How Soon Will Smith Start for the 49ers?
by Glenn Dickey
Oct 03, 2005

THE ALEX SMITH ERA may get a jump start, and frankly, it canít get here a moment too soon.

Forty-Niner coach Mike Nolan gave an indication of his thinking when he replaced starting quarterback Tim Rattay with 8:29 remaining in the fourth quarter in Mexico City last night.

Rattay is what heís always been, a good backup who shouldnít be starting in the NFL. The longer he plays, the more his weaknesses are exposed. He isnít very mobile, so a hard pass rush unnerves him. He often panics, throwing hurriedly and inaccurately. And he wilts under late-game pressure; 11 of his 18 NFL career interceptions have come in the fourth quarter.

Itís true that he isnít getting much help. The Ninersí offensive line has been hit hard by injuries, and that group was marginal when healthy. There is no go-to receiver; Brandon Lloyd and Arnaz Battle are complementary receivers who would be 2-3 or even 3-4 on the depth chart of a better team. Inexplicably, the 49ers havenít used the receiving ability of Trent Smith, though a good receiving tight end is a huge help to a quarterback under pressure. Because of the OL problems, the 49ers havenít been able to get a strong running game going. Again, I question a coaching decision, because rookie Frank Gore should be used more often and Kevan Barlow much less.

But it all starts with the quarterback, and with Rattay in charge, the Niners are going nowhere. That was especially evident last night. The 49ers got off to a 14-0 lead because of two defensive touchdowns, recovered fumbles which were turned into scores, but could do nothing offensively to hold that lead. Rattay looked very shaky, throwing the ball poorly. While he was in the game, the 49ers never were able to run more than six plays before punting. The 49ers ran only 50 plays the whole game; Arizona had 83.

The time of possession tells the story: The Cardinals had more than a 15-minute edge, 37:48 to 22:12. Thatís too much of a burden to put on a defense, especially playing at a site almost 7,500 feet above sea level, and the 49er defense eventually yielded 483 yards.

At the start of the game, the 49er defenders rushed Arizona quarterback Josh McCown hard, often with blitzes, and forced him into the first fumble/touchdown and into errant throws.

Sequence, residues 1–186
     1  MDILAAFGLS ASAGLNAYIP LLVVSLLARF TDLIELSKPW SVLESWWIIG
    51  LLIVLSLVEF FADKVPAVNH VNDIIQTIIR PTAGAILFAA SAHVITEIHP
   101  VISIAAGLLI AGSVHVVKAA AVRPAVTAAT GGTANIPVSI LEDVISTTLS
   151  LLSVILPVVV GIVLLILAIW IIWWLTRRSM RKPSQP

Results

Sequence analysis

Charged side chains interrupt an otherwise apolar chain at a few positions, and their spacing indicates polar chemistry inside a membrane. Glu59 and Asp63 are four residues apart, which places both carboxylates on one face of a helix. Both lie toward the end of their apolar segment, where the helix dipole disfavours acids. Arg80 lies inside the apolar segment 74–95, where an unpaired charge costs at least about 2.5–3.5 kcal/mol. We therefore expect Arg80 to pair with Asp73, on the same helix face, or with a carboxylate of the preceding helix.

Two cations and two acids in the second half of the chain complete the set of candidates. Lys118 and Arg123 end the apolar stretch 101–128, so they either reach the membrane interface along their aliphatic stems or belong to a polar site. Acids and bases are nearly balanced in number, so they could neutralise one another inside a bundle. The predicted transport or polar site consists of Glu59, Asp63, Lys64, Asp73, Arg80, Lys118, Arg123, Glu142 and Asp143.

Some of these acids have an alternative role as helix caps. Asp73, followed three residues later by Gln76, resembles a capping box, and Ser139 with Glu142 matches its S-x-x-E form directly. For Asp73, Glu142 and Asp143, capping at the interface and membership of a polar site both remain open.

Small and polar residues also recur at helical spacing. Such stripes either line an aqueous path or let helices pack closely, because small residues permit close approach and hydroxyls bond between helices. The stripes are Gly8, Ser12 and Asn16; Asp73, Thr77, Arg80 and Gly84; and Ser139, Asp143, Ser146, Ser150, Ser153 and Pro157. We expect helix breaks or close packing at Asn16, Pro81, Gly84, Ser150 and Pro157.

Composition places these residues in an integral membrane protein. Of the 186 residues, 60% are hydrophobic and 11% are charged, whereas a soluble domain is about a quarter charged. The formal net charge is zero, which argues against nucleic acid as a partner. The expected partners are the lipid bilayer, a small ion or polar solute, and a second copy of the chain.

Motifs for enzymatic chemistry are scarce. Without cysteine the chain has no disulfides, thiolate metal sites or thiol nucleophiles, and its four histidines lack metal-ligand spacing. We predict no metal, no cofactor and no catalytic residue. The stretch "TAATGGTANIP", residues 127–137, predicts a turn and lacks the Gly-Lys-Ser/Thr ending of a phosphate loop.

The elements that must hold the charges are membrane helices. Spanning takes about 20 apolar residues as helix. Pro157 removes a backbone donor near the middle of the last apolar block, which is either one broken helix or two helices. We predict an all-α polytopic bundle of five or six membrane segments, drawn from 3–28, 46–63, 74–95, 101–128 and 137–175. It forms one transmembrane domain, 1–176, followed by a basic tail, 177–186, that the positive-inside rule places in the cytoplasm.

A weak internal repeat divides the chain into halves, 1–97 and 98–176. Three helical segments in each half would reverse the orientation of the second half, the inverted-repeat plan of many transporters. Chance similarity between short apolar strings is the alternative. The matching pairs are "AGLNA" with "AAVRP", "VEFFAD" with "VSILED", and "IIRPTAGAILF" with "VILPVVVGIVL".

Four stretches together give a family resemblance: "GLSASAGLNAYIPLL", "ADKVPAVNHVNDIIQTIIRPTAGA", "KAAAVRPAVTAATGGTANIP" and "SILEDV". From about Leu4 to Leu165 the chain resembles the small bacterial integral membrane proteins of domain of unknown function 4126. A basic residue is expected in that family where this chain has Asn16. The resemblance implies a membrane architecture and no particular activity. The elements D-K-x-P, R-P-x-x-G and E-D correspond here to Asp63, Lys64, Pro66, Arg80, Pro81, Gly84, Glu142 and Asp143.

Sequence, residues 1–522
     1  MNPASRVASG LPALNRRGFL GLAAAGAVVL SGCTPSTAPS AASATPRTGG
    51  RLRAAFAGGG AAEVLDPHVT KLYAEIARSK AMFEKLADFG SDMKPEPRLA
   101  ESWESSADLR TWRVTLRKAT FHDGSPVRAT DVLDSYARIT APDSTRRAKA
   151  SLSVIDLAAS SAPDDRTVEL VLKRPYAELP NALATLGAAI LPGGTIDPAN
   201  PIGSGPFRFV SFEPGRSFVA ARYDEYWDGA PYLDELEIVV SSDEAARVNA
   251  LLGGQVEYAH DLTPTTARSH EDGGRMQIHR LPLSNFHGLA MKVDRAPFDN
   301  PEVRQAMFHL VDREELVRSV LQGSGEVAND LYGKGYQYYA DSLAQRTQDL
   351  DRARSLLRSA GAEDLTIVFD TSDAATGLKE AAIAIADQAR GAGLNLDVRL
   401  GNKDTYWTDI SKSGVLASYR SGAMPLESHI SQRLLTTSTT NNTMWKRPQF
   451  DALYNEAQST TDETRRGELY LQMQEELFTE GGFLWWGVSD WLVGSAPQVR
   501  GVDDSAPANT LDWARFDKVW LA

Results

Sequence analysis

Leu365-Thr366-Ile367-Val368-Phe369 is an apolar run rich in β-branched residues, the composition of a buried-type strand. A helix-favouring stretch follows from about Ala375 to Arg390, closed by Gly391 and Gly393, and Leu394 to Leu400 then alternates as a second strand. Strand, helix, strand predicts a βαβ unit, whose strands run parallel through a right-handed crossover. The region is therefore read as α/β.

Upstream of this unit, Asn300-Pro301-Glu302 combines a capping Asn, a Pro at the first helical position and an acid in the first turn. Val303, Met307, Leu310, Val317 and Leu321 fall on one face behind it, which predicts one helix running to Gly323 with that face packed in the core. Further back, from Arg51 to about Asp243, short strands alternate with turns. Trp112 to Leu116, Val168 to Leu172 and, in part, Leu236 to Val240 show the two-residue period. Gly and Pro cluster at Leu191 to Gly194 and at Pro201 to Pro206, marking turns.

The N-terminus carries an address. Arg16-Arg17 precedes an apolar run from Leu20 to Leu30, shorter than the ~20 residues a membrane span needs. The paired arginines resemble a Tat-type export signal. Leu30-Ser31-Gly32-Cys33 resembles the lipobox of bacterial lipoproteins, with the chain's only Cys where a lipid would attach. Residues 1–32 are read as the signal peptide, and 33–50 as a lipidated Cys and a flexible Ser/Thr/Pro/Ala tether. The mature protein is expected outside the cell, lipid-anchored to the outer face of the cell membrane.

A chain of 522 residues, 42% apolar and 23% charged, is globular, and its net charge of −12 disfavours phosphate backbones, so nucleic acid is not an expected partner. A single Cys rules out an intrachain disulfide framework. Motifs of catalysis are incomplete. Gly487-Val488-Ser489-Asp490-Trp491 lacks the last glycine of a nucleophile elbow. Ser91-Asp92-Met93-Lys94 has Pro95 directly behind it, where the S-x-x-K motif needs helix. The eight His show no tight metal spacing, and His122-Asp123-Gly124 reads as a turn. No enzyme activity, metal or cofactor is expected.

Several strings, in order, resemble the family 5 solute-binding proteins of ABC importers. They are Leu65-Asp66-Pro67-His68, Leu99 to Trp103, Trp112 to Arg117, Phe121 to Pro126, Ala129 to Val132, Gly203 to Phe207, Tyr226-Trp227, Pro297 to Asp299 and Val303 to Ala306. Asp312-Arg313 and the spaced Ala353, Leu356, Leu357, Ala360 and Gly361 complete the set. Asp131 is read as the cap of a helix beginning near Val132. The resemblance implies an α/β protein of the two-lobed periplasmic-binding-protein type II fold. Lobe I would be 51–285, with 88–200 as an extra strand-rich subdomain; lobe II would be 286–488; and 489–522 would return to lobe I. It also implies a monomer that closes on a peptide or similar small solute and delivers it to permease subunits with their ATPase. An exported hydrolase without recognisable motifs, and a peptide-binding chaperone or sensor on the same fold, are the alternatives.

But the defense wore down because it was on the field so much, and eventually, McCown passed for 385 yards and two touchdowns.

WHEN SMITH came into the game, he seemed much more poised than when he started the first two exhibition games, throwing the ball with more authority. He seems to be adjusting much better now to the speed of the pro game than he did earlier.

Smith has a lot going for him, with the size to look over a defender and the athletic ability to move around in the pocket and even run for yardage if the opening is there. Offensive coordinator Mike McCarthy used a Shotgun formation with Smith, who played out of a spread formation at Utah and is more comfortable taking a direct snap from center. The 49ers should continue to make frequent use of that when heís in the game. When the Niners work out of the regular T, they should add running plays for him. A quarterback draw, with Smith taking two steps back as if to pass and then running straight ahead, could be especially effective against a blitzing defense.

The rookie quarterback is very intelligent and a hard worker. Nolan has noted that Smith comes in early to the 49er facility to look at game videos. Smith still has to be able to transfer what he sees on the film to the action on the field, which isnít automatic, but the fact that heís working so hard on the mental part of the game is very encouraging.

The development of young quarterbacks is slow if they donít play. Thereís only so much they can learn from the sidelines, and in practice, the starter gets most of the snaps, so the backup has less chance to get familiar with the receivers.

The flip side of that with a young quarterback is that, if he plays too much in his first year, he could get beaten up, physically and mentally. The physical part is unpredictable; Smith looks almost frail, at about 210 pounds. I have no doubt about the mental/emotional part of the equation, though. From what I have observed in practice, in both group and one-on-one interviews, heís a very confident young man. He seems convinced that he can replicate his collegiate success in the NFL. Bad plays and bad games wonít deter him.

THE QUESTION now is how soon Smith will get significant playing time.

Almost certainly, Rattay will start the 49ers next game, against the Indianapolis Colts on Sunday at Candlestick, and probably for some time after that.

What weíll probably see is Smith getting more and more playing time as the season goes on. Nolan really has nothing to lose by accelerating Smithís maturation because the 49ers arenít going anywhere this year, despite Nolanís brave talk about winning the division. The sooner he can get Smith up to NFL speed, the sooner he can concentrate on building up the many other areas where the 49ers need help.

By next season, Smith should be the starter. He may even be starting by the end of the season.

It canít come a moment too soon.


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